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Apr 13

Penalties and DQs: What’s Your Beef with Augusta?

Should Tiger Have Been Disqualified

When an event is this big, the amount of detail work is unfathomable. When that’s all done, there’s another huge job in monitoring the real time unfolding of the tournament. Apparently, the latest round started with an alert from a TV viewer, and some interesting expressions, previously hidden, are coming out of the woodwork.

The story is already well known – Tiger took a drop after a “hit the flag and into the water” shot (weird to begin with, in my experience). He took the drop two yards behind the previous shot, which is apparently a violation, even if you’re doing it to avoid the appearance of cheating. Ok, I’ve had some of those “no good deed goes unpunished” days. Based on what he knew at the time, he signed and turned in an incorrect scorecard. Only afterward was he informed of the official decision that a two-stroke penalty was warranted. An incorrect scorecard is normally a DQ, but Tiger received no help and was not advised before the submission. On the other hand, wouldn’t one with his experience call for a ruling on the spot? Now I’ve done it – I’ve confused myself.


guan 3 Tiger should have no beef with the Masters, because they let him stay in a tournament he can still win. The Masters has no beef with Tiger, who was upfront and cooperative in discussing the drop. On the other hand, why did they need him to do all the discussing? Was Nick Faldo correct, that Tiger was “the judge and jury on this?”

Angela Stafford had a beef about Tiger’s decision, plus a chocolate shake, claiming that if she asked the LPGA for two extra yards, she’d be spending the afternoon at DQ (Dairy Queen and Disqualification). Unlike most of us who play on the weekends for no purse at all, hitting a shot from farther away is generally considered a disadvantage. Irish golfer Shane Lowry didn’t mince words – he never does – “This is a joke. In my opinion, anyone else would have been DQd.”

If Tweets were live incoming ammo, Tiger would be playing this Saturday with a pith helmet and a bunker at the ready. It seems as though a whole lot of previously simmering anti-Tiger sentiment has boiled over – it’s out. Players, lots of them, are ticked off and saying so. Ernie Els, for example, tried to discuss it from the point of “intent,” not knowledge, then laughed it off and walked it away, a pointed statement in itself.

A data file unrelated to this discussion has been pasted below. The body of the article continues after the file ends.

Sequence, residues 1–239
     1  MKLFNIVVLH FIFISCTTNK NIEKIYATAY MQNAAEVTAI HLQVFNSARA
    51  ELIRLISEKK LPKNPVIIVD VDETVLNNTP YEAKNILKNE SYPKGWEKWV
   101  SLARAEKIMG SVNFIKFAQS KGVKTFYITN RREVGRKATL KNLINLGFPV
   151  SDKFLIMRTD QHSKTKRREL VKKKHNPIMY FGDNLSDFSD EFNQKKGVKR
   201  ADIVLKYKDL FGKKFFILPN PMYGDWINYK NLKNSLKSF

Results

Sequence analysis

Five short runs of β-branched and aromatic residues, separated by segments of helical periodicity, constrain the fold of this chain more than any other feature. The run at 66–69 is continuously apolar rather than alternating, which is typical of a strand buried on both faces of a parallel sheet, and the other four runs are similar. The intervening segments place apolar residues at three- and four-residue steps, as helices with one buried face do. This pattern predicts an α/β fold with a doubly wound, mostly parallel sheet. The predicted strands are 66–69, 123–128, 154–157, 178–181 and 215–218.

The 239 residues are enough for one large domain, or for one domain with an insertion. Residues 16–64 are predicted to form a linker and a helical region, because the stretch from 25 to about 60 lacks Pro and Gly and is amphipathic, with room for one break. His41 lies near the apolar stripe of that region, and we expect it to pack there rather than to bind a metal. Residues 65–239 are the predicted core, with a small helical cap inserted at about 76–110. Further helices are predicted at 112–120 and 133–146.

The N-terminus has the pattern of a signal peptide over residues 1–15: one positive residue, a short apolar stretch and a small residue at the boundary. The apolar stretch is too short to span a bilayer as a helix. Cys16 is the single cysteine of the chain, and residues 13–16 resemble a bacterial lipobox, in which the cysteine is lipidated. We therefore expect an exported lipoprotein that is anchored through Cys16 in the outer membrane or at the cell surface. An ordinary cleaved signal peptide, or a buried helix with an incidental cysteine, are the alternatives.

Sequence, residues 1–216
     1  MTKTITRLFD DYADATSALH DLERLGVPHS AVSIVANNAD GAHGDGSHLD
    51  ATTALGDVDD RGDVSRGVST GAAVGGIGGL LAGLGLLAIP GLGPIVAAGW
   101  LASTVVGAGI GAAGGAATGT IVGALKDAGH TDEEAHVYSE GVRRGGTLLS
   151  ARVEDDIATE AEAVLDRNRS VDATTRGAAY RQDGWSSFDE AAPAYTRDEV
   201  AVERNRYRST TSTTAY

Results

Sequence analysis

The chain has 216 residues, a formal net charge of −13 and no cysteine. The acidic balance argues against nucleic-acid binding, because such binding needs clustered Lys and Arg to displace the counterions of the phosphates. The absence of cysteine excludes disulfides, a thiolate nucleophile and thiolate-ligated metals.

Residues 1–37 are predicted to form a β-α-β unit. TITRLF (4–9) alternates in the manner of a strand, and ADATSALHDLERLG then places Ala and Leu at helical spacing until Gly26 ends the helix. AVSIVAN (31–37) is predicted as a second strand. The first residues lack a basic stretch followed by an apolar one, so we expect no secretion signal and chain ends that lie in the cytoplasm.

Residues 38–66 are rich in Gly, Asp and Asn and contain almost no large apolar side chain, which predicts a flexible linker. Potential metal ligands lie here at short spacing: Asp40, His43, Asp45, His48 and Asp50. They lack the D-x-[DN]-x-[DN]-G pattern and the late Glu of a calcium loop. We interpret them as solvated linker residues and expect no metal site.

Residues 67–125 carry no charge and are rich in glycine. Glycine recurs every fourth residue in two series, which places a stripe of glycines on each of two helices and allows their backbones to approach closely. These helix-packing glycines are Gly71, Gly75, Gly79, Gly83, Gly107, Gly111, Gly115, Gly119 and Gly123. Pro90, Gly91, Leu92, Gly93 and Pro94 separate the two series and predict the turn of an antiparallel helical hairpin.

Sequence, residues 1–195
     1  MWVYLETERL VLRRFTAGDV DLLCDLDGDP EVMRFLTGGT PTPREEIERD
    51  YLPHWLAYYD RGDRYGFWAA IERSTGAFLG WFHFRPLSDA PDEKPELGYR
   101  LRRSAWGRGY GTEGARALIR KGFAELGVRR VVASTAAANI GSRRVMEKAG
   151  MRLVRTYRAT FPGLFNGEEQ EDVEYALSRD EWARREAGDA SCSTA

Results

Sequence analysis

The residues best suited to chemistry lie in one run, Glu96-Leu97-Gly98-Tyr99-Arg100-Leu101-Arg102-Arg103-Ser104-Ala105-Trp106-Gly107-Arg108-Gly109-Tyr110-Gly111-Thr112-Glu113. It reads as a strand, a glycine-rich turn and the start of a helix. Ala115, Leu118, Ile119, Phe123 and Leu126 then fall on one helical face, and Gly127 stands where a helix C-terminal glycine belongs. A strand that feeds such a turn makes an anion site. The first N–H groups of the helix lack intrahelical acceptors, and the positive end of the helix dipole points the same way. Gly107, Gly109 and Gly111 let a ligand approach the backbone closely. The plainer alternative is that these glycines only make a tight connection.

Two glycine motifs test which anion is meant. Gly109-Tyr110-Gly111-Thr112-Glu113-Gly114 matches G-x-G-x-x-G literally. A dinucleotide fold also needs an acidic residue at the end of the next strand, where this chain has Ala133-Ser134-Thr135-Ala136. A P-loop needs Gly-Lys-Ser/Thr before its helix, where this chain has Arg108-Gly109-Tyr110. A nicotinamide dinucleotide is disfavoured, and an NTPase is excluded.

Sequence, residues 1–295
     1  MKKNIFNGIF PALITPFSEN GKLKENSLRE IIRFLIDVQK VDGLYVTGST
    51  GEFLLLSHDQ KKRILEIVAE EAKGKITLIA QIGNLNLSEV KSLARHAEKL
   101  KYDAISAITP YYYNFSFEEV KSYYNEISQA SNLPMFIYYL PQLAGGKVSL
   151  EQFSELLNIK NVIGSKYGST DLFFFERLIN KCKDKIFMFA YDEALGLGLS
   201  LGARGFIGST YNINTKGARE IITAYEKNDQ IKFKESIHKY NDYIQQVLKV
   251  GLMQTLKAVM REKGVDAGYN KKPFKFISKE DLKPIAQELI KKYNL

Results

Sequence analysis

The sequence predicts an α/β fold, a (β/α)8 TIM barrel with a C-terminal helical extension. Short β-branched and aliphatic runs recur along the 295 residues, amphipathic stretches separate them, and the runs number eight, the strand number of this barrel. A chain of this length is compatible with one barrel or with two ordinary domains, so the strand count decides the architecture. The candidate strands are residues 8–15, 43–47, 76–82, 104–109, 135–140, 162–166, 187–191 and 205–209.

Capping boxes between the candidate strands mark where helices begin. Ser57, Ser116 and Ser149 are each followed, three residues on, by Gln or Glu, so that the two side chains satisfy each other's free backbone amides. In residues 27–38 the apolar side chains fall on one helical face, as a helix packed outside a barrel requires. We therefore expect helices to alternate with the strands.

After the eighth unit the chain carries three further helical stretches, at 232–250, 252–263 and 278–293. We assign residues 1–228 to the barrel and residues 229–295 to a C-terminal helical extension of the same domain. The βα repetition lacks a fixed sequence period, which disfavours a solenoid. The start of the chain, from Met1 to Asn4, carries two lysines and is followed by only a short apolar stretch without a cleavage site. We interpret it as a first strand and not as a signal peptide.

guan 2And yet, Masters officials decided that it would be “grossly unfair” to disqualify a person for a violation unrecognized by the institution before the card was signed. Plus, with the majors already in Tiger’s pocket and cameras beaming him all over the world, a dropped ball probably wouldn’t be the best time to cheat – and I don’t think he did. I’m with Hunter Mahan on the ruling – “not sure is the right answer.”

Meanwhile, poor Tianlang Guan (or is it the other way around?) got a one stroke penalty for slow play. I can sympathize – if I were there under his circumstances, I would have been DQd for stopping to take pictures of the course, in disbelief that I was really playing it. That, like the other, was a judgment call, and it could be that it was badly made. Guan doesn’t need to have a beef, though – he’s just testing out the land for his real career, to commence soon, plus, he has acquitted himself brilliantly already.

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Bob Costas has a beef with the Masters, and he can afford to, because he doesn’t have anything to do with it. He claims that he’d be kicked out of the broadcast booth, because he’d take rain delays to talk about the history of racism and sexism at the Masters. It’s true, the brothers-in-charge at Augusta have a lousy record. There’s something tricky about hailing and soaking up this tournament, meanwhile turning a blind eye to its sketchy past, but we do it. ON THE OTHER HAND (did Tevye play golf?), I would think myself ill-used if someone took a moment of my public victory to orate on my shortcomings decades ago.

guan 1Well, as an old guy who has watched the Masters for a long time, I have no beef with Fred Couples hanging in there near the top of the leaderboard, or with the fourteen-year old making the cut. I have no beef with the annual excitement factor this tournament seems able to produce without fail. And the Tiger drop? I’ll pass on that one.

 

 

 

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About the author

G.F. Skipworth

has spent every available moment playing golf or studying the greats since the 60s, in between world tours as a classical musician, Harvard studies in Government or as the author of a dozen novels. Nicklaus and Snead may be the statistical greats, but Skipworth is a life-long devotee of Gary Player, and considers meeting the South African at the Jeld-Wen to be an unforgettable milestone. His driving passion in golf these days is to raise viewer interest in the LPGA.